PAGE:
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Shell Canada withdraws from Sacred Headlands as government bans oil and gas development in the region

Eight years after members of the Tahltan First Nation were arrested for protesting drilling, Shell Canada gives up land tenures in the Klappan region.

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In 2004, 15 members of the Tahltan First Nation in northern BC were arrested trying to stop Shell Canada from drilling for coal-bed methane at the Sacred Headwaters, the headwaters of the Nass, Skeena and Stikine rivers.

Elders and youth blockaded an access road in the Iskut village, blocking drilling equipment and escalating the fight to stop oil and gas development on the 4,000-square kilometer land tenure.

Now, more than eight years later, Shell Canada has backed down, giving up its land tenures in the Klappan, and the BC Liberals have permanently banned oil and gas development in the region.

Conflict began in 2004 when the government sold drilling rights to Shell Canada for $4.5 million without consulting Aboriginal groups. In 2008, the government imposed at four-year moratorium on oil and gas exploration. The moratorium expired December 18, the day the government announced the new ban.

In exchange for its withdrawal, Shell has been awarded $20 million in royalty credits, to be applied against a water treatment plant the company intends to build in the Gundy gas field near Dawson Creek.

“Good water management is central to sustainable operations, and we thank the government of British Columbia for their contribution to this aspect of our exploration and production activities,” said Lorraine Mitchelmore, president and country chair for Shell Canada. “Close relations with Aboriginal communities are important to our many business opportunities in British Columbia, and we are pleased to have found common ground on our petroleum and natural-gas tenure in the Klappan. We now focus on growth opportunities with better commercial and geological prospects in Northeast British Columbia.”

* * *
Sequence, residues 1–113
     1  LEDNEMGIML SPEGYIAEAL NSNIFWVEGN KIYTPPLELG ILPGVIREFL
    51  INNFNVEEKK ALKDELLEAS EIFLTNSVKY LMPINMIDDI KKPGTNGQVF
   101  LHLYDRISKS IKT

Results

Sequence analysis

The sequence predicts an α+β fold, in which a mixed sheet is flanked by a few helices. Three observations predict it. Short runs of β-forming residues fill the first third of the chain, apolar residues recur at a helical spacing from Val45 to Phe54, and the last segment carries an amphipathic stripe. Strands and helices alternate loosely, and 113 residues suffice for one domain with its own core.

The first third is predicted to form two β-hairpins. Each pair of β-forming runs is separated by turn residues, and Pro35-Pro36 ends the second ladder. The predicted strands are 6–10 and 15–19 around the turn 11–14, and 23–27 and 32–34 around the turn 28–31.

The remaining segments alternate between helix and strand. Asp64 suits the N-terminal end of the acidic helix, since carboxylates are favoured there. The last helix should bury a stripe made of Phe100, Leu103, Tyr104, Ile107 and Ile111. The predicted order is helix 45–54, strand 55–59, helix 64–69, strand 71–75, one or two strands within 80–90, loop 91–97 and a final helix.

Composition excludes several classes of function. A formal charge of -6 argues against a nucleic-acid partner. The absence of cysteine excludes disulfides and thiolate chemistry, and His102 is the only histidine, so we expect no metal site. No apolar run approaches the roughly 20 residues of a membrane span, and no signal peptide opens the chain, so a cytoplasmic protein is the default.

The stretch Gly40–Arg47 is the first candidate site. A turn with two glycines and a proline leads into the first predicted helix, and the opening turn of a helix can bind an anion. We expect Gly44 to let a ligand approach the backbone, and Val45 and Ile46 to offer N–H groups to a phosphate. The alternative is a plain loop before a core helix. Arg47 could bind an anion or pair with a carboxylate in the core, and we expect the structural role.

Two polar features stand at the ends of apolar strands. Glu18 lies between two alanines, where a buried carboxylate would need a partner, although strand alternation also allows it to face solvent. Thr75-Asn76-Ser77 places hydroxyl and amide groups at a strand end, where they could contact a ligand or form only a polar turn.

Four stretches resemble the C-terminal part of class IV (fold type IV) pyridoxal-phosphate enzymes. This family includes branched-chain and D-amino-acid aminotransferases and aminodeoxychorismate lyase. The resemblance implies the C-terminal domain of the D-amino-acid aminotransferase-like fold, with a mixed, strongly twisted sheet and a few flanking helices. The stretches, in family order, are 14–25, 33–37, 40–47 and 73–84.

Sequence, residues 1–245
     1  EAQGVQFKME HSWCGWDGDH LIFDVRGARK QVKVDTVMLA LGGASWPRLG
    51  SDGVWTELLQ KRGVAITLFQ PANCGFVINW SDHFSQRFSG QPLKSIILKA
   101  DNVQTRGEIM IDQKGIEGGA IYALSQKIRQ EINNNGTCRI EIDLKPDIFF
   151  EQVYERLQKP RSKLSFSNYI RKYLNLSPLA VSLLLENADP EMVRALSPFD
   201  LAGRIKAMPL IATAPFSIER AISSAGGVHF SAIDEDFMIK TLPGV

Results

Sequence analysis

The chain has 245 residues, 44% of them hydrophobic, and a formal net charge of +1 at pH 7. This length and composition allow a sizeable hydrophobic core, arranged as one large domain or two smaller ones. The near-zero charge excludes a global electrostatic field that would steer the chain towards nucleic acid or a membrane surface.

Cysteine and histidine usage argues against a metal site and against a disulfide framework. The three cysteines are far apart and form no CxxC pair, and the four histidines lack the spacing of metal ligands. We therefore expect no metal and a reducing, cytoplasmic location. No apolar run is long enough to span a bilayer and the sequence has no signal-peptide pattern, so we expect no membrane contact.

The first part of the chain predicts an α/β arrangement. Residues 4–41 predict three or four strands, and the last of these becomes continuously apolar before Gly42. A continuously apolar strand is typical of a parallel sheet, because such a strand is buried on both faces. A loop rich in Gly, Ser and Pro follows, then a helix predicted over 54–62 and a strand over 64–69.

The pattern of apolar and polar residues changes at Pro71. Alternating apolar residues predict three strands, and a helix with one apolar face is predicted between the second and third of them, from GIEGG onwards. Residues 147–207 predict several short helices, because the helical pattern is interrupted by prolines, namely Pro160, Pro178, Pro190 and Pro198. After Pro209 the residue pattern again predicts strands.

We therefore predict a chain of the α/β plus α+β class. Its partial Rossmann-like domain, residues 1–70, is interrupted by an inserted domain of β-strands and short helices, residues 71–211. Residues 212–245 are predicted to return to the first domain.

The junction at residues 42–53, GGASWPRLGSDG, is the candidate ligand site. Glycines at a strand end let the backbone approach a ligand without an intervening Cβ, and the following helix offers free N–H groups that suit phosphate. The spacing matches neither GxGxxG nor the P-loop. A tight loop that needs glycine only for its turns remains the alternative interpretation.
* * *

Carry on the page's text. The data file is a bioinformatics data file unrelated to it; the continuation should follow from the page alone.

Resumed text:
Trevor Frost, a National Geographic Young Explorer who worked with the Tahltan First Nation to stop the drilling, commended Shell for deciding to respect the territory and its people and responding to the thousands of people who signed petitions, wrote letters and participated in protests.

“They were certainly a part in helping making this happen,” he said. “I think they pulled out because they knew it was the right thing to do.”

He said one of the most remarkable things about this victory is that there were no major environmental NGOs involved.

Frost noted the connection between the push to protect the Sacred Headwaters and the debate surrounding the Enbridge Northern Gateway Pipeline, adding that those working against Shell learned a lot from the groups working against the pipeline.

“I think in a lot of ways that the work around Enbridge pipeline set a precedent for what was going on in the Sacred Headwaters. That campaign actually gained a lot of headway before the Sacred Headwaters campaign.”

Frost, who has worked on conservation projects all over the world, said the thing that most impressed him about BC was its people’s strong sense of responsibility for their home.

“You really have to ask yourself the question, if everyone just took care of their own backyard, took care of the place where they live, would the world be better off? And I’d have to answer yes.”



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